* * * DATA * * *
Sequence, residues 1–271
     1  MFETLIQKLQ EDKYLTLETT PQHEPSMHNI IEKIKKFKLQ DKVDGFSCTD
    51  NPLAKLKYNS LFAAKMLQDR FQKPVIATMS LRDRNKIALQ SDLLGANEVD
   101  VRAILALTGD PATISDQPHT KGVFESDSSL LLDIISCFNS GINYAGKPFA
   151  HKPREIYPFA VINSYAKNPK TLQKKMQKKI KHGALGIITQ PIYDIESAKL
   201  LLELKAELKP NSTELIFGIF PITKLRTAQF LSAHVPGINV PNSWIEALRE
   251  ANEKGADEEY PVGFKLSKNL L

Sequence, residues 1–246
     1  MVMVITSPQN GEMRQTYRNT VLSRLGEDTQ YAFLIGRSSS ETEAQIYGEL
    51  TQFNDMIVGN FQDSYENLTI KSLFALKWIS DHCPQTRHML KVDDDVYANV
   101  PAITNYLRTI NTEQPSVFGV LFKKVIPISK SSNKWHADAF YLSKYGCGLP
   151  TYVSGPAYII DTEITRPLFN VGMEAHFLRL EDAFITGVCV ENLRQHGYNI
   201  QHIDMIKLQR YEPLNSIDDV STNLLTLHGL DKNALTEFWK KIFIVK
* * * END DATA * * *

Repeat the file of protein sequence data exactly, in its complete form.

Sequence, residues 1–271
     1  MFETLIQKLQ EDKYLTLETT PQHEPSMHNI IEKIKKFKLQ DKVDGFSCTD
    51  NPLAKLKYNS LFAAKMLQDR FQKPVIATMS LRDRNKIALQ SDLLGANEVD
   101  VRAILALTGD PATISDQPHT KGVFESDSSL LLDIISCFNS GINYAGKPFA
   151  HKPREIYPFA VINSYAKNPK TLQKKMQKKI KHGALGIITQ PIYDIESAKL
   201  LLELKAELKP NSTELIFGIF PITKLRTAQF LSAHVPGINV PNSWIEALRE
   251  ANEKGADEEY PVGFKLSKNL L

Sequence, residues 1–246
     1  MVMVITSPQN GEMRQTYRNT VLSRLGEDTQ YAFLIGRSSS ETEAQIYGEL
    51  TQFNDMIVGN FQDSYENLTI KSLFALKWIS DHCPQTRHML KVDDDVYANV
   101  PAITNYLRTI NTEQPSVFGV LFKKVIPISK SSNKWHADAF YLSKYGCGLP
   151  TYVSGPAYII DTEITRPLFN VGMEAHFLRL EDAFITGVCV ENLRQHGYNI
   201  QHIDMIKLQR YEPLNSIDDV STNLLTLHGL DKNALTEFWK KIFIVK